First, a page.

Rejuvenated Ian Poulter Feeling Confident at Open after Fine Start
Last year, Ian Poulter was nursing a foot injury while providing a touch of commentary at Royal Troon for Sky Sports. He was an afterthought when it came to Darren Clarke’s Ryder Cup team, with the colourful Englishman’s career appearing to be slipping into the chasm of decline. However, 12 months on, the 41-year-old is back feeling rejuvenated and is in contention for his first major title following an opening-round of 67 at Royal Birkdale.
It has been a tumultuous 18 months for the 12-time European Tour winner, who had slumped to a low of 207th in the world ranking in March. Narrowly failing to retain his playing rights in America – or so he thought – the next chapter of Poulter’s story was an uncertain one. However, thanks to a stunning reprieve coming after the PGA Tour sought to address an imbalance after changing its rules, a welcome hand of positivity reached out and he has typically grasped that opportunity.
Finishing runner-up with a thrilling performance at THE PLAYERS Championship in May helped to light the fire within the charismatic golfer who had so often been the burning flame for Europe in the biennial contest against the United States, and he has only carried that progression on from there, expressing a determination that had taken a young man from being an assistant pro in a club shop to the highest levels of the game.
He’s been a man with a mission, such was his resolve to come through Open Final Qualifying at Woburn, making a return to the championship at the venue where he was runner-up to Padraig Harrington nine years ago. Royal Birkdale holds positive memories for Poulter, and he looks set to add some more following a three-under start to the 146th edition of golf’s oldest major. Far cry from sitting in the studio with David Livingstone and Butch Harmon, it must be said.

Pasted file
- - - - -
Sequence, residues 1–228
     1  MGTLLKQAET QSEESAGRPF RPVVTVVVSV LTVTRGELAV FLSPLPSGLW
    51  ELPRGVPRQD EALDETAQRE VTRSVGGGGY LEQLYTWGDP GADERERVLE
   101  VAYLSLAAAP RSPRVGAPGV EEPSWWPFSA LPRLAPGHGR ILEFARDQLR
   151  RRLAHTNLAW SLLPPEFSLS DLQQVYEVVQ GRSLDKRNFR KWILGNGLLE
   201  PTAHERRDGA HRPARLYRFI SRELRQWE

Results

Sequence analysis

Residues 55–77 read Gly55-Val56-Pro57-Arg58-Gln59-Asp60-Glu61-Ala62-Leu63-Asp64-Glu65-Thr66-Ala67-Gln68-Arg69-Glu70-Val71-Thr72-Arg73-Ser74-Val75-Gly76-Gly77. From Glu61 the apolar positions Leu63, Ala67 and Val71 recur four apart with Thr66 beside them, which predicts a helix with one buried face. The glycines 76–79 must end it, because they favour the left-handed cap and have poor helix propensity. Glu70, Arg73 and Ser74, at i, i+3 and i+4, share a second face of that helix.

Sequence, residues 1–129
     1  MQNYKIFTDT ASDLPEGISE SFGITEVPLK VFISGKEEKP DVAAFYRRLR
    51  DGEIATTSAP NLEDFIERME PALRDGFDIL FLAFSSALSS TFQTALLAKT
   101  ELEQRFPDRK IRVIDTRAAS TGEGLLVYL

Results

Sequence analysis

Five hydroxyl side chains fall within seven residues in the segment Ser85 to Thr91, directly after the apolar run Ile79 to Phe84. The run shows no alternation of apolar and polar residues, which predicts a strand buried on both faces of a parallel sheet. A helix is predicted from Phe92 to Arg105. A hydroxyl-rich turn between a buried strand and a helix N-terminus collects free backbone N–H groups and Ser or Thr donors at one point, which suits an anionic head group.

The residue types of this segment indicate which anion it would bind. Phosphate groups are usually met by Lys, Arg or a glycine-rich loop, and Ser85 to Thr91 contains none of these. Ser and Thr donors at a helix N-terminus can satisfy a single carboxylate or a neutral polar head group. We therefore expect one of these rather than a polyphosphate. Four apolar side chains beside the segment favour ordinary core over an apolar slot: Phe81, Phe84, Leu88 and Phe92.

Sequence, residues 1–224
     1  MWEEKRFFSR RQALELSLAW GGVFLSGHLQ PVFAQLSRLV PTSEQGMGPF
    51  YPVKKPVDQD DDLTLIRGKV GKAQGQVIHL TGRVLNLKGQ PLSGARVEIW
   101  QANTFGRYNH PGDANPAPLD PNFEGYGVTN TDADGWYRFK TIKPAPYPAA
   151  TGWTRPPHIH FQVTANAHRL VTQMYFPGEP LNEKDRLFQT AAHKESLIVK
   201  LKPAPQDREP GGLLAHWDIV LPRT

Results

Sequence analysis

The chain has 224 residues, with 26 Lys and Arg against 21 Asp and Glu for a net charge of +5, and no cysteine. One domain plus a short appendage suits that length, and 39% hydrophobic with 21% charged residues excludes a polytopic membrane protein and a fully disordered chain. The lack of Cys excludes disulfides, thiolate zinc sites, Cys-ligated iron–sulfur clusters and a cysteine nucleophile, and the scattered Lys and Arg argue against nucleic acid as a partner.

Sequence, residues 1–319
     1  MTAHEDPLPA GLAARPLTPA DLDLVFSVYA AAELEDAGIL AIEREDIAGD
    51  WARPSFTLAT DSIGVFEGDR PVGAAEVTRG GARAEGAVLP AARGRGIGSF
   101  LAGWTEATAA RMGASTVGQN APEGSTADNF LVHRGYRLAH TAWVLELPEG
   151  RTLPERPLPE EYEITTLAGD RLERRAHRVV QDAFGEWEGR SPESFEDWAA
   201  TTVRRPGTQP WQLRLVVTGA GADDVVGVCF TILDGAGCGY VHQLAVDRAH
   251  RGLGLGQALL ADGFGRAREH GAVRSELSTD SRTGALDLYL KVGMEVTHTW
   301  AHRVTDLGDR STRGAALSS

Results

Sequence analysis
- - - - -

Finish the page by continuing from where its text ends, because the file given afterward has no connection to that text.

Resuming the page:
“Last year I was commentating for the first two days, which was difficult, he reflected. “I think that's one of the most difficult things I've done. The other difficult thing I've done is obviously not playing Ryder Cup and being a vice-captain. The experience was amazing, but it was very, very hard. As someone that's played quite a few majors, now I chose not to watch a lot of the golf because it was too disappointing to watch TV.”
That run at Sawgrass was a sudden redressal of fortunes, setting him on the right path once again, and the significance of that week is not lost on Poulter. “I'm definitely playing with a bit more confidence and that's definitely showed over the last couple of months. THE PLAYERS Championship was a big week for me,” he added. “I think that was a huge turning point. And I'm a freer player on the golf course. I can be more aggressive. I can hit more of the shots that I'm kind of visualizing, and I think I've done a lot of good work with Pete and even with myself on camera to look at -- try to maintain a consistent level of ball-striking and it shows.”
It certainly did at qualifying – which he was proud to come through – and on Thursday at Birkdale, where he is carrying a wealth of support and warmth from the huge gallery in attendance. “Players love playing here. They love playing in The Open, and spectators respect that, as well. And they really make you feel great out on the golf course, and I felt that today. They gave me a little bit of a buzz. And they gave me a bit of energy on the greens, as well.”
That will only build over the coming days should Poulter remain in contention over the weekend. It’s been a fascinating career, one that has often defied the odds. Through hard work and determination, the man from Hitchin has achieved more than perhaps he should. Securing a major victory – and with it being the first English winner of the Open in 25 years – would be the pinnacle. It's just a shame he wouldn't be commentating on it.
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